I grew up in McKees Rocks, Pennsylvania; quintessential blue-collar Pittsburgh. Two generations of my family operated a Mom and Pop restaurant in the downtown shopping district. I grew up around food.
Even when we had little else, we had access to good food. When the regional economy collapsed, and the steel industry shed some 250,000 jobs, McKees Rocks suffered much in the same way Braddock did. When the jobs left town, the business district along with the restaurants weren't far behind.
After culinary school, I had the good fortune of working under great chefs who imparted a new respect for food and community. I also started to develop some of my own philosophies about restaurants. I started to notice that good, conscientious restaurants did more than just fill stomachs.
Good restaurants act on the opportunity to bring communities together in very unique and instinctual ways.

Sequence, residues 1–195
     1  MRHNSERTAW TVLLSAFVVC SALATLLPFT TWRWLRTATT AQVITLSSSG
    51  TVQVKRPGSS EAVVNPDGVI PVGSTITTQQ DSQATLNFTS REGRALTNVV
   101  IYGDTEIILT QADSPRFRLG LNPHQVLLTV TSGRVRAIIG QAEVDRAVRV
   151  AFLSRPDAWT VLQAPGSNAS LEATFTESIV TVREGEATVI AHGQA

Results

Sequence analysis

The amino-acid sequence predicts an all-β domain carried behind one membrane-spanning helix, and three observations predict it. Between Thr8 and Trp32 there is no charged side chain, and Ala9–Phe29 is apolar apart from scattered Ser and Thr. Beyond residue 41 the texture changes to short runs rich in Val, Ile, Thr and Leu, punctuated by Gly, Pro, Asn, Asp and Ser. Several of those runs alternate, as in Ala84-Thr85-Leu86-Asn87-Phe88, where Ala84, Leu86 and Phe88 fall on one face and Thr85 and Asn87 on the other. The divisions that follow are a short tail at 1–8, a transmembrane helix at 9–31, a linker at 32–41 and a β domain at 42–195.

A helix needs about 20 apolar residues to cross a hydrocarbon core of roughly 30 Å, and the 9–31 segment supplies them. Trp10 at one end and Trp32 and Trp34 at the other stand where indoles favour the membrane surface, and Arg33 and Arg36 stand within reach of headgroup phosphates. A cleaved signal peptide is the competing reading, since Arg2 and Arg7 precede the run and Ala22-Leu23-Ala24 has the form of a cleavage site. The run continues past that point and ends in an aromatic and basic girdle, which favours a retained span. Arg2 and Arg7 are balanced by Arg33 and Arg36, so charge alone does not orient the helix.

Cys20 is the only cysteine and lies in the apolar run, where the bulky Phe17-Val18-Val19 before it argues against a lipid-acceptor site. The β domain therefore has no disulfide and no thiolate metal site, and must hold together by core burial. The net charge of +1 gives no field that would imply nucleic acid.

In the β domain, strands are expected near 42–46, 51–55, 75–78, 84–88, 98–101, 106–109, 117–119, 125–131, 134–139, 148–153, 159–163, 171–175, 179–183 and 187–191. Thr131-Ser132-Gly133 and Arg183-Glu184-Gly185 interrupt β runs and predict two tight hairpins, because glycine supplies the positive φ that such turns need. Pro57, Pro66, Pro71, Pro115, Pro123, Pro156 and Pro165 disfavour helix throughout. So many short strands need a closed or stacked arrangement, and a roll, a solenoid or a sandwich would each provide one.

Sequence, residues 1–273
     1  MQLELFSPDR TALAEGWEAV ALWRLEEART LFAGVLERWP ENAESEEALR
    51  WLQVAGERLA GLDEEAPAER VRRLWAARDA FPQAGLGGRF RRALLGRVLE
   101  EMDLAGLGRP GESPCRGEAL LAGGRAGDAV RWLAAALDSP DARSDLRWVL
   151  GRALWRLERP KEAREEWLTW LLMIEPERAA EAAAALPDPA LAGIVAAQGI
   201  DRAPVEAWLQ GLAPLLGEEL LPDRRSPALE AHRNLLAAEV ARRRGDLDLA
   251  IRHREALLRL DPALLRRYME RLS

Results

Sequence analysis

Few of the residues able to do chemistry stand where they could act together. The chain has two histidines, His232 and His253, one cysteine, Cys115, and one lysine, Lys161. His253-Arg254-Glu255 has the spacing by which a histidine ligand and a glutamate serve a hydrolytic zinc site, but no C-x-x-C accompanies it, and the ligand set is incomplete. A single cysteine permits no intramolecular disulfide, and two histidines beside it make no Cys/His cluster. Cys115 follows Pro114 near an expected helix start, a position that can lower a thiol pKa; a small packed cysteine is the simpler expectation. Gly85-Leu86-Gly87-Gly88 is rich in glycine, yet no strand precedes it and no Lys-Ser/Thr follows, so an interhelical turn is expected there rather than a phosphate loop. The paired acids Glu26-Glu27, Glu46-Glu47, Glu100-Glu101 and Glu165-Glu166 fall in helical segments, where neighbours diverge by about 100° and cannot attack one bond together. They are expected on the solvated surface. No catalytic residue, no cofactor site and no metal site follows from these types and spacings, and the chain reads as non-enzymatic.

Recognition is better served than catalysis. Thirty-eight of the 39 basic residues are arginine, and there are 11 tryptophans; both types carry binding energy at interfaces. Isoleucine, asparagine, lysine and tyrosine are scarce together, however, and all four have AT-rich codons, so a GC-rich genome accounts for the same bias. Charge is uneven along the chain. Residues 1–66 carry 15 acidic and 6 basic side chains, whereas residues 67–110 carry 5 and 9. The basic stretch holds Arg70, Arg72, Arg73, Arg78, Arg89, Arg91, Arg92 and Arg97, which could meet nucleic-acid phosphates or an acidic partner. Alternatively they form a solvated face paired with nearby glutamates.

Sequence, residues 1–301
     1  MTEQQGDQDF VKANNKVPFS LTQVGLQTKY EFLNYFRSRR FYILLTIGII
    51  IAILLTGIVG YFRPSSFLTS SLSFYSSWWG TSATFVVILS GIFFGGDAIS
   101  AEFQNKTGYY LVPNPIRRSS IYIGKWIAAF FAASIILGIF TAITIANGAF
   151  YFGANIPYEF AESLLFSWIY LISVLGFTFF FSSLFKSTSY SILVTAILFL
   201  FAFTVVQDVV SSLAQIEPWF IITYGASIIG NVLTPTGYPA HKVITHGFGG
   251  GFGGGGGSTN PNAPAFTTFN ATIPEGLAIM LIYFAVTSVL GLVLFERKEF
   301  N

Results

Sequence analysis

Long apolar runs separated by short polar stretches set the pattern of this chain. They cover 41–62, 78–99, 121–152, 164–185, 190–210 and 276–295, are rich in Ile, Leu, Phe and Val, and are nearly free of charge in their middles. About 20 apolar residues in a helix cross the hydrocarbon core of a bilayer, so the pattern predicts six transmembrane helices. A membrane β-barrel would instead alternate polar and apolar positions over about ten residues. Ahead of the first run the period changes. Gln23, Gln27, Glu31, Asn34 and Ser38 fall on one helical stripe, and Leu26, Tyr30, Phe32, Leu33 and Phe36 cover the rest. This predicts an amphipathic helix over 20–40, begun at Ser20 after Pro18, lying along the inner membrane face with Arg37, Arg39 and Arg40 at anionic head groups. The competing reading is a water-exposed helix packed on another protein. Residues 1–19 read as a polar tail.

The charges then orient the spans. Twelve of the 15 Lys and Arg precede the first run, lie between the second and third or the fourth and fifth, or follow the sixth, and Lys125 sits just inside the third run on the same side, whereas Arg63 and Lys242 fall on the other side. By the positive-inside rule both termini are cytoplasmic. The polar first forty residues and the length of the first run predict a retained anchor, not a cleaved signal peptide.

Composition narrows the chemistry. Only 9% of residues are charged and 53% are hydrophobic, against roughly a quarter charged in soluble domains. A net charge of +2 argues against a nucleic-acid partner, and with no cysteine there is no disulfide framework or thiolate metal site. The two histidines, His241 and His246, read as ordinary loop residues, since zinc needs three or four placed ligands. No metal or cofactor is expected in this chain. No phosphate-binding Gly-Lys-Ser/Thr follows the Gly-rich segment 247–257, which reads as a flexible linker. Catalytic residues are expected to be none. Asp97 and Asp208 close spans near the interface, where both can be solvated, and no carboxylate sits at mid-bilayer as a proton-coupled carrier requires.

Everyone knows that good food has soul. However, I quickly discovered that not every restaurant has soul.
The seasons, food traditions - old and new, ingredients, solid technique and mentoring are core tenants of transformative cooking.
A great restaurant takes much more than one individual. A great restaurant needs a community that is willing to support and grow with it over time.
When I was first introduced to Braddock, I immediately felt a very deep connection to the town and imagined what the downtown must have looked like in its prime. The place just struck a chord that continues to resonate because of where and how I grew up.